With officials still holding to their original prediction that power might not be restored for seven days, some residents are taking the challenges in stride. Lines at and were out the door this morning. (has no power and is not open.)
The recently re-opened was packed at lunch time, and the lines were long at .
Dick DePatie and his wife, Molly, were inspecting a large tree that fell at on Oenoke Ridge. The building wasn’t damaged and the church still had power, Dick DePatie said, the church’s administrator.
“It’s God’s work,” DePatie, the church’s administrator, told Patch.
The is open. Stop in and use their computers.
The in town is closed. So is .
The is open for anyone who (bring your own towel). They’ve rented a generator so you can bring your laptop and other mobile devices to charge (or use on premises).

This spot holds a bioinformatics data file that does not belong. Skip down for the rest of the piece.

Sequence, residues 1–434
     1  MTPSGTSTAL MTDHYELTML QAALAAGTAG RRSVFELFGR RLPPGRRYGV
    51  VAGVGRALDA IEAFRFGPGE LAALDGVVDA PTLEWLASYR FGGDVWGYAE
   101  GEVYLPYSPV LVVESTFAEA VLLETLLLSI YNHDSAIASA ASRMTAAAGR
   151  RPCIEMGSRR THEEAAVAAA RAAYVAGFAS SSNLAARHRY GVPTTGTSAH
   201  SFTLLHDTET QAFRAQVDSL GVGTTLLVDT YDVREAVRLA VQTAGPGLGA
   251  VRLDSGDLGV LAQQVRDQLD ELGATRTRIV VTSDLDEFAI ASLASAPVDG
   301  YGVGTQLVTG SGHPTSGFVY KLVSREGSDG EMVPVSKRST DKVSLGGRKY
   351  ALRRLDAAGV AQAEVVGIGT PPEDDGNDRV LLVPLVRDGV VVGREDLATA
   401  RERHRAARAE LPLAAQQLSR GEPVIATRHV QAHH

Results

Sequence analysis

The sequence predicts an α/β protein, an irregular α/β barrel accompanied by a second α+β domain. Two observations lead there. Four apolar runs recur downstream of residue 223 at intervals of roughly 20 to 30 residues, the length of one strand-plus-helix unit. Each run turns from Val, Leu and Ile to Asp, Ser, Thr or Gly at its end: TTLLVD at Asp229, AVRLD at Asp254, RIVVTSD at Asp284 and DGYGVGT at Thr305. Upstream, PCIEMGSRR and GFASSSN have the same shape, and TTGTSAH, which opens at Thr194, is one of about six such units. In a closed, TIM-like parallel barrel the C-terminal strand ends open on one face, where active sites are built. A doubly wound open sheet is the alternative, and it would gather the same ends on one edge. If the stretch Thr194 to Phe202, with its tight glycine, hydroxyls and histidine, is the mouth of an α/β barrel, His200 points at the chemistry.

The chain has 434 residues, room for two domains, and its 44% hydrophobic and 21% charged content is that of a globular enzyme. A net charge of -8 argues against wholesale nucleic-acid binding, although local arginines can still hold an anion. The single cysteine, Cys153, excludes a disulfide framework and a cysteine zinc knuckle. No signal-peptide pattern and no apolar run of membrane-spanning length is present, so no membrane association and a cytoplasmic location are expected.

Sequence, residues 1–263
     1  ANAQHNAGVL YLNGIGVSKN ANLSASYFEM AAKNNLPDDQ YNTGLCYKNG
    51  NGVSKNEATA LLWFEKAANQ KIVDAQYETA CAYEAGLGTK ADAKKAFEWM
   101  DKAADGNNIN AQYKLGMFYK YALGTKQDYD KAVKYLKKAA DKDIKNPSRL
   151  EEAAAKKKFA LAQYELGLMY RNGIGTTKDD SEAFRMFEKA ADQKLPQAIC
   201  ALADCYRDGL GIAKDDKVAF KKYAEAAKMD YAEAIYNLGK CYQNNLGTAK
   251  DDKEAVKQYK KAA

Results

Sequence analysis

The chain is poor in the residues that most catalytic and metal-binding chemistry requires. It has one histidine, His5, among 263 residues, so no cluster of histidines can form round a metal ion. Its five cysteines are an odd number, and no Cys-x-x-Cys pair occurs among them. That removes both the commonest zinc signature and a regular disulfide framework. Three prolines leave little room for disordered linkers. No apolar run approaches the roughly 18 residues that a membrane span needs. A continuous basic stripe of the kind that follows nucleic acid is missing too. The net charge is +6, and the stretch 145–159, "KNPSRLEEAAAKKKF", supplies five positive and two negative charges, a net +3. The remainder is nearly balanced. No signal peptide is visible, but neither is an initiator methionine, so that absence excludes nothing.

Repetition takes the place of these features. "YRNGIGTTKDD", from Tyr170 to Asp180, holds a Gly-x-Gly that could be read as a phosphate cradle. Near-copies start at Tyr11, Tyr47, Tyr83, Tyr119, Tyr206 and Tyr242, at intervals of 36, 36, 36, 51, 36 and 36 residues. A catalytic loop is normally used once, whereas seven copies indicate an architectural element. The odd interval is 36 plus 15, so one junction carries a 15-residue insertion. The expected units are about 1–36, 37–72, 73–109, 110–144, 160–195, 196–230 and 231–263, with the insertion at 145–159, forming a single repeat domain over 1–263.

The MTA has resumed some service, but the is still not in service. At least one prospective traveler did not get the news.
Chuck Ritter stopped by the police station to sign up for the . While here, he asked about driving protocols when a traffic signal is out, and to ask when power might be restored to the town.
“I went to Town Hall to talk to the ,” he said. “If something doesn’t get done, I’m going to have to vote for a damn Democrat.”
Again, the police remind residents residents they should not move barricades or enter areas that have been taped off. By entering these areas you are putting yourself and others at risk.
"In Norwalk a dog was electrocuted when it walked through a puddle that was energized by a live wire," Sgt. Carol Ogrinc wrote in an e-mail to Patch. "The person walking the dog was previously warned by police not to enter that area."